This is why the Löwchen will set you back anywhere from $5,000 to $8,000.
Most Expensive Dog #9: Cavalier King Charles Spaniel
The combination of a sweet personality and an adorable face have made the Cavalier King Charles Spaniel a favorite.
There’s no question that these toy spaniels make excellent companions.
But these pups also have their share of health problems.
They’re predisposed to brachycephalic airway obstruction syndrome (BAOS), due to the relatively short length of the head and compressed upper jaw.
The breed is also prone to a serious condition called syringomyelia caused by the skull being too small for the brain.
Mitral valve disease, in which the dog’s heart valve deteriorates, can become fatal quite quickly.
It affects the Cavalier King Charles Spaniel more than other breeds.
Responsible breeders will health test, and pricing typically starts in the $2,000 to $3,000 range.
Most Expensive Dog #10: Rottweiler
Both strong guardian and gentle playmate, the popular Rottweiler is the image of canine strength.
However, the breed has some serious and expensive health conditions, such as hip dysplasia, eye diseases, and heart problems.
These tests, combined with the high price of stud services, can run into thousands of dollars.
A well-bred Rottweiler can set you back anywhere from $2,000 to $8,000.
Finding a Healthy Puppy
You may see some of the breeds listed above advertised for prices that are much lower than the amounts quoted here. It might initially seem like a bargain for one of the most expensive dog breeds.
But, this should be a red flag.
The importance of choosing a responsible breeder who puts the health and welfare of their dogs over profit cannot be overstated.
Remember that the initial price of the dog is only the beginning of what it costs to be a dog owner.
Choosing a breed with myriad health concerns can quickly drain your wallet.
But what’s truly agonizing is seeing your loving companion suffer throughout their life.
What You Can Do To Help
Many of our most beloved breeds are subject to numerous health conditions.
And distressingly, many of these problems are needlessly caused by selective breeding for sought-after physical characteristics.
Instead of encouraging this practice, you can opt to adopt a dog from a shelter.
This selection of guides by Pippa Mattinson, author of best-selling dog books, The Happy Puppy Handbook and Total Recall will help you find the right dog for you.
References and Resources
- “Dog breeders urged to reduce litter numbers,” The Guardian
- Šichtař, J., et al., “Factors affecting reproductive efficiency in German Shepherd bitches producing litters for Police of the Czech Republic,” Czech Journal of Animal Science, 2016
- Sverfrop Borge, K, et al., “Litter size at birth in purebred dogs—A retrospective study of 224 breeds,” Theriogenology, 2011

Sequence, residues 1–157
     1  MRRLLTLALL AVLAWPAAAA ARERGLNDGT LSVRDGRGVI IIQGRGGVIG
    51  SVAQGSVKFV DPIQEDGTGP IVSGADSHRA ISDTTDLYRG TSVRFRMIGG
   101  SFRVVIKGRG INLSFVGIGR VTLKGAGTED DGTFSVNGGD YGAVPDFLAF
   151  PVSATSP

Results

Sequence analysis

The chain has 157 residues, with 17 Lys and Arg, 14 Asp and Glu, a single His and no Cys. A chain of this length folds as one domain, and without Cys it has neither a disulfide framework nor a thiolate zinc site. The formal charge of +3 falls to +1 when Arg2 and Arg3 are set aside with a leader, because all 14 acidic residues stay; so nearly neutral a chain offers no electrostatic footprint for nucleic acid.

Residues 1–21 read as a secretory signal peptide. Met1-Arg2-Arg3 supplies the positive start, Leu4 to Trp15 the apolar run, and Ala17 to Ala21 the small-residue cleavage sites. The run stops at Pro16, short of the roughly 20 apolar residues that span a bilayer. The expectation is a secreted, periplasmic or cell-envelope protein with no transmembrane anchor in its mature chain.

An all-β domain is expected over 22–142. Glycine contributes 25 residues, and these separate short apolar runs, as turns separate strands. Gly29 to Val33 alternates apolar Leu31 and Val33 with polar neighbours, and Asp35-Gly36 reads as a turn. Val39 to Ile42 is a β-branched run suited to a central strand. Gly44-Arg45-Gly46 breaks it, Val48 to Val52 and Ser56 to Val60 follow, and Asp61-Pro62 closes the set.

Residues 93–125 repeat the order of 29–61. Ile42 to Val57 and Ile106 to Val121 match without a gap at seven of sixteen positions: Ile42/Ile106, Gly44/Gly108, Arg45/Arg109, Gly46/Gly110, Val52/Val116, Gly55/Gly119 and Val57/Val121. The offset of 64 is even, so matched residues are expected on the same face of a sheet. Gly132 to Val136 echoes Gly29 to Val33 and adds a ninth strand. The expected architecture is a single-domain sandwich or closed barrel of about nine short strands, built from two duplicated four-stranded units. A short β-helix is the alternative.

- Evans, KM, et al., “Proportion of litters of purebred dogs born by caesarean section,” Journal of Small Animal Practice, 2010
- “Canine Fee Schedule – Dollars,” Animal Genetics
- Ghirlanda, S., et al., “Dog Movie Stars and Dog Breed Popularity: A Case Study in Media Influence on Choice,” PLOS, 2014
- Wydooghe, E., et al., “International Breeder Inquiry into the Reproduction of the English Bulldog,” Vlaams Diergeneeskundig Tijdschrift. 2013
- De Lorenzi, D., et al., “Bronchial abnormalities found in a consecutive series of 40 brachycephalic dogs,” Journal of the American Veterinary Medical Association, 2009
- Liu, NC, et al., “Whole-Body Barometric Plethysmography Characterizes UpperAirway Obstruction in 3 Brachycephalic Breeds of Dogs,” Journal of Veterinary Internal Medicine, 2016
- “It’s now time to curb advertising using flat-faced dogs, say vets,” Journal of the British Veterinary Association, 2017
References and Resources Continued
- Packer, RMA, et al., “Impact of Facial Conformation on Canine Health: Corneal Ulceration,” PLOS One, 2015
- Brown, EA, et al., “FGF4 retrogene on CFA12 is responsible for chondrodystrophy and intervertebral disc disease in dogs,” Proceedings of the National Academy of Sciences of the United States of America, 2017
- KURICOVÁ, M.,et al., “Vertebral Malformations in French Bulldogs,” Journal of The Faculty of Veterinary Medicine Istanbul University, 2017
- Dog Breed Health
- Gutierrez‐Quintana, R., et al., “A PROPOSED RADIOGRAPHIC CLASSIFICATION SCHEME FOR CONGENITAL THORACIC VERTEBRAL MALFORMATIONS IN BRACHYCEPHALIC “SCREW‐TAILED” DOG BREEDS,” Veterinary Radiology & Ultrasound, 2014
- Miller, T., “Familial cataracts and concurrent ocular anomalies in chow chows,” Journal of the American Veterinary Medical Association, 1992
- Torrez, CV, et al., “Results of surgical correction of abnormalities associated with brachycephalic airway obstruction syndrome in dogs in Australia,” Journal of Small Animal Practice, 2006
- Rusbridge, C., et al., “Syringomyelia in cavalier King Charles spaniels: the relationship between syrinx dimensions and pain,” Journal of Small Animal Practice, 2007
- Beardow, AW, et al., “Chronic mitral valve disease in cavalier King Charles spaniels: 95 cases (1987-1991),” Journal of the American Veterinary Medical Association, 1993
- Popovitch, CA, et al., “Comparison of susceptibility for hip dysplasia between Rottweilers and German shepherd dogs,” Journal of the American Veterinary Medical Association, 1995